The FAQs on this page are for general reference purposes only. Please bear in mind that it is highly advisable to seek legal advice before taking any actions that may have a serious impact on your employment rights or continued employment with your employer.

Employment Law FAQs

When should I receive my written terms?

You must receive your written terms at the beginning of your employment. This is called a Statement of Initial Employment Particulars and covers your terms and conditions related to holiday pay, working hours, job title, place of work, your employer’s address, salary, etc.

Can my employer change my contract?

Generally, both you and your employer need to agree to any changes. Often changes can be made such as a pay rise, although there may not be a written agreement. In other cases, changes may happen through the actions of you and your employer such as your employer paying you a pay rise and you accepting it.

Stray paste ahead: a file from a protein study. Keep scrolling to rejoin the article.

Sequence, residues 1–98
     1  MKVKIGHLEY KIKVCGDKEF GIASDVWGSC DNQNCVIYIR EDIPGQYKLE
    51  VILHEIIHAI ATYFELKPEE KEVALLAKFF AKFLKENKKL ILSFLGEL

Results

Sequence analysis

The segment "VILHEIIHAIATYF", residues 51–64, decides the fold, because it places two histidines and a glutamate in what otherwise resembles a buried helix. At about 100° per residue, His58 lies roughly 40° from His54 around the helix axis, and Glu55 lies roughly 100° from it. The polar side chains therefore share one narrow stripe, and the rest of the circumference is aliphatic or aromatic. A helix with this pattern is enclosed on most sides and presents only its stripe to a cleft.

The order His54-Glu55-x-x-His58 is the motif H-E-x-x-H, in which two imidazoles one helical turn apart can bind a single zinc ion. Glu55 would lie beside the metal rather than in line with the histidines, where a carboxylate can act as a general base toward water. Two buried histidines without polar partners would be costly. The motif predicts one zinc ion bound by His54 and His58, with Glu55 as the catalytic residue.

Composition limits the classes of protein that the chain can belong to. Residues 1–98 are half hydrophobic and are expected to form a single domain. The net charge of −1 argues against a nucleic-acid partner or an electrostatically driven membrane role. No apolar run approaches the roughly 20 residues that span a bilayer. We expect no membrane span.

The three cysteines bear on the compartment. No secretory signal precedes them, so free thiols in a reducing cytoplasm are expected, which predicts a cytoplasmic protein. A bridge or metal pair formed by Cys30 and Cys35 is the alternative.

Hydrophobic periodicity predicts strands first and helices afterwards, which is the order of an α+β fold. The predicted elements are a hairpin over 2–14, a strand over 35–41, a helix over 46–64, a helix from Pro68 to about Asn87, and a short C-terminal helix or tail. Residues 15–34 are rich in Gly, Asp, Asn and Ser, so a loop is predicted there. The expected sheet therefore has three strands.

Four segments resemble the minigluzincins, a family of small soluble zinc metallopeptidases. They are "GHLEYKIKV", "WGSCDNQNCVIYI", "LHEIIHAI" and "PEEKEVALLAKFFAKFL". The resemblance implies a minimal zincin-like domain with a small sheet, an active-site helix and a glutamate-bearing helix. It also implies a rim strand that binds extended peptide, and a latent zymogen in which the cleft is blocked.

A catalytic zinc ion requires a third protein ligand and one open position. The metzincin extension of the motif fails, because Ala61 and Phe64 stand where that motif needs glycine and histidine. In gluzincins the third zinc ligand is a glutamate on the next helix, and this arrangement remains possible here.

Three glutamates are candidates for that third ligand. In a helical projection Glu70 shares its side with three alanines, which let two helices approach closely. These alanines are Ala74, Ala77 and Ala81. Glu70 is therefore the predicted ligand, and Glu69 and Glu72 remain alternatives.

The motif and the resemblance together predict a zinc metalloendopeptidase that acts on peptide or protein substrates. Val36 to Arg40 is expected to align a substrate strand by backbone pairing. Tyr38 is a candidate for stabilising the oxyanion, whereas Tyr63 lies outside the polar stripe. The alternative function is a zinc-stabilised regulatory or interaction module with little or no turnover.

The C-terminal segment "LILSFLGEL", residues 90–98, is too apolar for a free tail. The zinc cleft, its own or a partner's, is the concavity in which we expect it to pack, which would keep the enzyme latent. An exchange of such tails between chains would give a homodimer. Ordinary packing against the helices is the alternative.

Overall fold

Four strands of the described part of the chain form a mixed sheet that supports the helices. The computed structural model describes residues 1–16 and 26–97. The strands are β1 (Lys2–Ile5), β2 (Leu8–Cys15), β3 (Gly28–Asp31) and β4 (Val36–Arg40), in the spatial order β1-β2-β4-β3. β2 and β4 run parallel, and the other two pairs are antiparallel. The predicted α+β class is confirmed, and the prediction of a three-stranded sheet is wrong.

What are the qualifying conditions for unfair dismissal?

You must have worked for your employer for two continuous years. However, some types of dismissal are automatically unfair, starting from the beginning of your employment, for example, if you were dismissed for a discriminatory reason or for reasons related to other statutory rights such as protection from dismissal for making a protected disclosure.

Can I be dismissed if I've been off ill for a long time?

If you have been off for a long time, your employer may consider terminating your employment on the grounds of ill-health capability. However, your employer must consult with you about this and not dismiss you without medical evidence (usually a medical report from your doctor or specialist consultant). After this, your employer should consult with you and consider the likelihood of your return to work. If your return to work is unlikely in the foreseeable future or this is unclear, then your employer may consider dismissing you. Your employer must also consider whether it is possible to make reasonable adjustments to assist you in returning to work before a final decision on dismissal is made.